Tuesday, January 25, 2011

Ciénega de Las Macanas

We recently enjoyed our first visit to Las Macanas Marsh, in the Herrera Province of the Republic of Panamá. This marsh is a hotspot during migration, when waders stop on their way north and south. We visited in January, a quiet time, when large flocks of Black-bellied Whistling Ducks are whistling at each other and young Wattled Jacanas are not yet looking much like their parents. Some of the adult jacanas we saw did not look "pure" - they were apparent hybrids between Northern Jacana and Wattled Jacana. The center of their backs was rufous, although the rest of their plumage was black. The arrangement of the facial shield elements is an important distinction. It's a subject discussed in more detail by Matthew Miller and includes an update.

On the road back toward the highway, we saw several caracaras and vultures working the rangeland. We watched a Lesser Yellow-headed Vulture (Cathartes burrovianus) soar low, then land and walk around in a field, looking for goodies. And a beautiful Crested Caracara (Polyborus plancas) perched low in a tree, his crop full enough to protrude through the feathers of his breast.

It was a pleasant detour, away from the highway and the crowds. Below is some of Marco's video of the peaceful scene.

Sunday, January 23, 2011

Hibiscus Appreciation Day

Since our first visit to Panama, I have been completely and irrevocably smitten with Hibiscus, a genus of flowering tropical plants in the Mallow family. They are represented here by a wide and wonderful variety of sizes, colors and forms, and to me they always say, "Tropics!" even though some species grow in the warmer temperate zones.

Our yard started out barren of anything colorful other than a few Novia (Impatiens) and begonias, and I have made it my mission to color it up. Thanks to massive assistance from Marco, Gonzalo and Arturo, the yard is now a riot of color.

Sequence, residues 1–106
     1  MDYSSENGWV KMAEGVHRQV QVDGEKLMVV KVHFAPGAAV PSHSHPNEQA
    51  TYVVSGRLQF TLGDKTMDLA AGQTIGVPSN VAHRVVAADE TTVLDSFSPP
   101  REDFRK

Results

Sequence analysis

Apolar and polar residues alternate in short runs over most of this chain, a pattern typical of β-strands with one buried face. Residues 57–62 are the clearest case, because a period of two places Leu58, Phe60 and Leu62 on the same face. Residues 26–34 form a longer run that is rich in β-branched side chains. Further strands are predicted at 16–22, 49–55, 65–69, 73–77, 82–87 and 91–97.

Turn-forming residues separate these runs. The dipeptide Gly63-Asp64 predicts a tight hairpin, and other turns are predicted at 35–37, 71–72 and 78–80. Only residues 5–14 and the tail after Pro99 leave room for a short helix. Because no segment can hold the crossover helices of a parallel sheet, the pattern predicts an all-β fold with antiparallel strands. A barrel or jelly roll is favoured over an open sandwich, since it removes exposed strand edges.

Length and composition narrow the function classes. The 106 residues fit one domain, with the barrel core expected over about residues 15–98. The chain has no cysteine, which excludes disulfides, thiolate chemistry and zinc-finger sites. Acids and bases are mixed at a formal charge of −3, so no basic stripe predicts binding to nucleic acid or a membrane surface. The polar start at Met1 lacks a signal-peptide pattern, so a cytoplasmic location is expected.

The Novia and begonias help provide quick, easy color, but it's the palms, gingers, heliconias, marantas and hibiscus that please me the most. About a year ago I began taking hibiscus cuttings from hedges in the development and stuck the twigs in the ground. I also bought one small potted hibiscus. They have all begun paying off with gorgeous blossoms. The largest flower so far is pictured below - it's about 5 inches across. It bloomed just a few days ago and I was wildly excited.

Here at Casita Naranja, any day that a hibiscus is in bloom is Hibiscus Appreciation Day.

Friday, January 21, 2011

His Blueness

About a week ago we heard that a pair of Blue Cotingas (Cotinga nattererii) was being seen in Cerro Azul. We were both excited and disturbed. We were excited because we had seen this species only once previously - on our first visit to Panama in December 2008 - a pair in Summit Park. That pair was high in a very distant tree, and we have wanted better views of these beautiful birds ever since. We were disturbed because we heard about the Cerro Azul pair in the evening, and we already had commitments in town the next day, which meant we could not try for them until at least the following afternoon.